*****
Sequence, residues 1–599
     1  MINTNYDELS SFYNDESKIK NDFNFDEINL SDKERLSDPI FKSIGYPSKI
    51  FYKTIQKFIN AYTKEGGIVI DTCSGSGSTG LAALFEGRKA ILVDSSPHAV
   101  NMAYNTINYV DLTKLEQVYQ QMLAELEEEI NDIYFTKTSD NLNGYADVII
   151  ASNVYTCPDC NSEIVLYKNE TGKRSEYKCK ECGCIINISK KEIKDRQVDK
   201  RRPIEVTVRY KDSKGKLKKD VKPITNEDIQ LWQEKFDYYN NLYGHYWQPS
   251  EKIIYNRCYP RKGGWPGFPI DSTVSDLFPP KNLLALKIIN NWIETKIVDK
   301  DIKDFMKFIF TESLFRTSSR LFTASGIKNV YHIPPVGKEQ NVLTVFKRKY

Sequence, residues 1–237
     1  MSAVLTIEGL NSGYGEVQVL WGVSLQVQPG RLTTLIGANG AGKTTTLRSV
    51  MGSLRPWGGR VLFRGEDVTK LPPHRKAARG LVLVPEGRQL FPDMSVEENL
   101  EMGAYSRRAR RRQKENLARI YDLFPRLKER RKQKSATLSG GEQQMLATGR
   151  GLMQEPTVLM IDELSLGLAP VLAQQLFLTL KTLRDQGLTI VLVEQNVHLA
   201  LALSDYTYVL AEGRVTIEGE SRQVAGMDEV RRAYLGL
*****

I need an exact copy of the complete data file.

Sequence, residues 1–599
     1  MINTNYDELS SFYNDESKIK NDFNFDEINL SDKERLSDPI FKSIGYPSKI
    51  FYKTIQKFIN AYTKEGGIVI DTCSGSGSTG LAALFEGRKA ILVDSSPHAV
   101  NMAYNTINYV DLTKLEQVYQ QMLAELEEEI NDIYFTKTSD NLNGYADVII
   151  ASNVYTCPDC NSEIVLYKNE TGKRSEYKCK ECGCIINISK KEIKDRQVDK
   201  RRPIEVTVRY KDSKGKLKKD VKPITNEDIQ LWQEKFDYYN NLYGHYWQPS
   251  EKIIYNRCYP RKGGWPGFPI DSTVSDLFPP KNLLALKIIN NWIETKIVDK
   301  DIKDFMKFIF TESLFRTSSR LFTASGIKNV YHIPPVGKEQ NVLTVFKRKY

Sequence, residues 1–237
     1  MSAVLTIEGL NSGYGEVQVL WGVSLQVQPG RLTTLIGANG AGKTTTLRSV
    51  MGSLRPWGGR VLFRGEDVTK LPPHRKAARG LVLVPEGRQL FPDMSVEENL
   101  EMGAYSRRAR RRQKENLARI YDLFPRLKER RKQKSATLSG GEQQMLATGR
   151  GLMQEPTVLM IDELSLGLAP VLAQQLFLTL KTLRDQGLTI VLVEQNVHLA
   201  LALSDYTYVL AEGRVTIEGE SRQVAGMDEV RRAYLGL